The National Academy for State Health Policy (NASHP) designed this toolkit to support states interested in developing a value-based alternative payment methodology (APM) for federally qualified health centers (FQHCs). The following section on stakeholder engagement discusses key considerations and promising strategies based on lessons learned from states during NASHP’s Value-Based Payment Reform Academy.
Key considerations for engaging stakeholders include:
- Identify core stakeholders.
- Identify a vision and shared goals.
- Employ varied communication strategies to ensure FQHC support.
- Develop collaborative processes to help foster trust and transparency.
- Assess and adapt stakeholder engagement as the project evolves.
FQHCs typically serve a high volume of Medicaid patients and provide a wide array of services including primary and preventive care, behavioral health and oral health care. FQHCs that participate in the Health Center Program, authorized under Section 330 of the Public Health Service Act,[i] must meet specific programmatic requirements, such as reporting on Uniform Data System[ii] measures and quality improvement initiatives.[iii] For these reasons, FQHCs may be uniquely well positioned to participate in state value-based purchasing initiatives.
However, FQHCs may also face resource constraints that could make transitioning to a value-based APM challenging. FQHCs that participate in the Health Center Program are required to offer care to underserved populations regardless of insurance or ability to pay,[iv] creating potentially unstable revenue. For these reasons, stakeholder engagement is a particularly important component when developing a value-based APM that is mutually beneficial for the state Medicaid agency and for FQHCs.
Identify core stakeholders.
State agencies: Developing a value-based APM can require engagement across numerous state agencies and offices. States may want to include staff who are knowledgeable about FQHCs and the Prospective Payment System (PPS) from the outset to identify potential policy barriers and challenges early on. Early contact with state staff who can speak to measurement, data analytics, managed care contracting, and other policy and operations issues will also help facilitate development. States may also want to include a representative from the state’s Department of Health, to advise on how APM components could impact workforce issues, prevention strategies, and efforts that target social determinants of health.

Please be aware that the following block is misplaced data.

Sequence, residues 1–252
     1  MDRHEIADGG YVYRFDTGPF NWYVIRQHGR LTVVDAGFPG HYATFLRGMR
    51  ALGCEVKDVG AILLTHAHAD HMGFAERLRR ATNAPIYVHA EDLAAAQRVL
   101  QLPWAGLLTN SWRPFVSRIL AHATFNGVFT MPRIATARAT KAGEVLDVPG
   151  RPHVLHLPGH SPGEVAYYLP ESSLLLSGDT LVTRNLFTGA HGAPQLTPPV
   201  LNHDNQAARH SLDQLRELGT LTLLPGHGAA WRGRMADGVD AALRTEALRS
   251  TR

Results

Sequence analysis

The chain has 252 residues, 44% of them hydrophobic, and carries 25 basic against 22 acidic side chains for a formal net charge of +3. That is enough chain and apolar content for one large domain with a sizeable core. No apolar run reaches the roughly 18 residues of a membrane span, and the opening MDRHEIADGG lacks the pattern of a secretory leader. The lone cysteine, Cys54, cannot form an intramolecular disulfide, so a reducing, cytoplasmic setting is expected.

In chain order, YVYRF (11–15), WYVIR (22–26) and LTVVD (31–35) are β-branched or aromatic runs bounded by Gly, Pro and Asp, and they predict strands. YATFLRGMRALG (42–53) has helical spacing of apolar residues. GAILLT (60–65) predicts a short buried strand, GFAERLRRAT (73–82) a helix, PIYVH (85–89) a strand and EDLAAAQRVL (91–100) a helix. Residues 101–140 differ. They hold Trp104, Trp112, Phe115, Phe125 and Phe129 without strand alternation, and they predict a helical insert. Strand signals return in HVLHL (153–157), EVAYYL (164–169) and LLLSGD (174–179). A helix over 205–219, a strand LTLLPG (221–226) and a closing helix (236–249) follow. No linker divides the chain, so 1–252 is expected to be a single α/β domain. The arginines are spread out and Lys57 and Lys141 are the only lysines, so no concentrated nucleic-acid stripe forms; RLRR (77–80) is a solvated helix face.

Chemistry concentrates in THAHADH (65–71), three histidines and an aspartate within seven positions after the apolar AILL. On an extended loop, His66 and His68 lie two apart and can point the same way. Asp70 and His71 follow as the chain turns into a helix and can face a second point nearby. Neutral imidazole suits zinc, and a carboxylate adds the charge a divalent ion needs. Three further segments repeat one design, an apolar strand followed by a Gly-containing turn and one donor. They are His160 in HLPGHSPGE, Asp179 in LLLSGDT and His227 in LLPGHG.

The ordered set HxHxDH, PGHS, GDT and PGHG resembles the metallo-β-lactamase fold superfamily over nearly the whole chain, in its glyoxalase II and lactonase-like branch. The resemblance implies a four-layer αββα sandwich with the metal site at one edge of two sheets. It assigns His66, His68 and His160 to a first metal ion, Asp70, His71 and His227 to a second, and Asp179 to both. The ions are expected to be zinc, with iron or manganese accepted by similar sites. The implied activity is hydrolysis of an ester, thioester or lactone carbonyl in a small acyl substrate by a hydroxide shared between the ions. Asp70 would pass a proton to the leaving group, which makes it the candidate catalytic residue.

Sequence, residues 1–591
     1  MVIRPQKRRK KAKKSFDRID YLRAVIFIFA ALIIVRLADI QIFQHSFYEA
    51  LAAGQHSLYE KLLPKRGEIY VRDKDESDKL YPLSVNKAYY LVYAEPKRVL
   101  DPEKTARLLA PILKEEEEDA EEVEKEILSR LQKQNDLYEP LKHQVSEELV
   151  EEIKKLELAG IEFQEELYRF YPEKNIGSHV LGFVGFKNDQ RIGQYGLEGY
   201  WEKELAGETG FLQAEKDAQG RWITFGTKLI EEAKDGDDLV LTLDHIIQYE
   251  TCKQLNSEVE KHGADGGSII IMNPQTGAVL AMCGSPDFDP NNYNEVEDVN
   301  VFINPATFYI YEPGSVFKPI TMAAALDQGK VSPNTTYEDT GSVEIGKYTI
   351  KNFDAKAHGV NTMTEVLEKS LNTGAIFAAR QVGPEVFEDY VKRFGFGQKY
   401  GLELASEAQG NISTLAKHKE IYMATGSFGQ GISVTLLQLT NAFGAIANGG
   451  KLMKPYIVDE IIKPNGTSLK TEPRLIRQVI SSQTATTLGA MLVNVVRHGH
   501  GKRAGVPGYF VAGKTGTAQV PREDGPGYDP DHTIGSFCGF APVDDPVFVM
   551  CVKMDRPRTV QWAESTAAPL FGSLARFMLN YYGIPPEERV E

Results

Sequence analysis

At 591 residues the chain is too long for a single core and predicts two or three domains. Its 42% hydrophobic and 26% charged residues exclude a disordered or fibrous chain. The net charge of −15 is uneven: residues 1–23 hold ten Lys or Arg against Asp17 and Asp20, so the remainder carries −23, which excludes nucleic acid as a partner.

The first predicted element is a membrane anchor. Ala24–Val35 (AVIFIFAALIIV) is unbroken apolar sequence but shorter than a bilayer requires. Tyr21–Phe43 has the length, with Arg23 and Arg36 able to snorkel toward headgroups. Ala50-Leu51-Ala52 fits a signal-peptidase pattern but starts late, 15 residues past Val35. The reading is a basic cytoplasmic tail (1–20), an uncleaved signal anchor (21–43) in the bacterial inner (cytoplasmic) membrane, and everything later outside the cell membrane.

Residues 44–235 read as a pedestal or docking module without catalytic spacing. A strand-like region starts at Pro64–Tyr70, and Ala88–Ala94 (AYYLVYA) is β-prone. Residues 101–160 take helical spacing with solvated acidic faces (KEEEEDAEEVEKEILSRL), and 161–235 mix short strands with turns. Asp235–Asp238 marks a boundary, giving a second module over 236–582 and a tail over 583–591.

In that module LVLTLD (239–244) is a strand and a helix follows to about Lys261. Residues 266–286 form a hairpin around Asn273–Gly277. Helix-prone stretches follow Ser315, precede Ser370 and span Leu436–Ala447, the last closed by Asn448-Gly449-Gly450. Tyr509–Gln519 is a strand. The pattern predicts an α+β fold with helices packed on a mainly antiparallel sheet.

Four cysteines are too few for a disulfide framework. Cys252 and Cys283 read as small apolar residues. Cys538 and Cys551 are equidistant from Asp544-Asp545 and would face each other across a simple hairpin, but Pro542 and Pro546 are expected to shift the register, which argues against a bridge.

The Primary Care Association (PCA): State teams participating in the NASHP Academy all included their states’ PCAs on their core planning team. PCAs are state or regional non-profit organizations that provide training and technical assistance to safety net providers. PCAs can be critical partners to Medicaid agencies as they have significant expertise in FQHC financial and clinical operations and serve as a convener of the FQHC community. As APM development progresses, PCAs can help FQHCs understand value-based purchasing and their capacity for participating in alternative reimbursement models.[v]
FQHC executive and clinical leaders: Executive-level staff can offer perspectives on how to overcome FQHC fiscal and operational challenges in the transition to a value-based APM. Clinical champions can be important ambassadors in outreach with their professional peers, and can also provide insight into how clinical practice and workflows may need to change to effectively implement the value-based APM.
Consumers and patients: Most FQHCs are required to have at least 50 percent patient participation on their boards, and will likely have patient/consumer leaders with an understanding of their practices’ patient priorities who can bring a consumer focus to planning.
Identify a vision and shared goals.
Identifying a vision and shared goals allows stakeholders to work from a common foundation and can help overcome barriers. States may want to formalize the shared vision and goals through a charter or work plan. Colorado stakeholders formalized their goals through a statement of shared intent,[vi] which listed key design decisions and included a timeline for additional decision-making.
Employ varied communication strategies to ensure FQHC support.
States can use a variety of communication mechanisms to engage FQHCs and encourage buy-in from practices.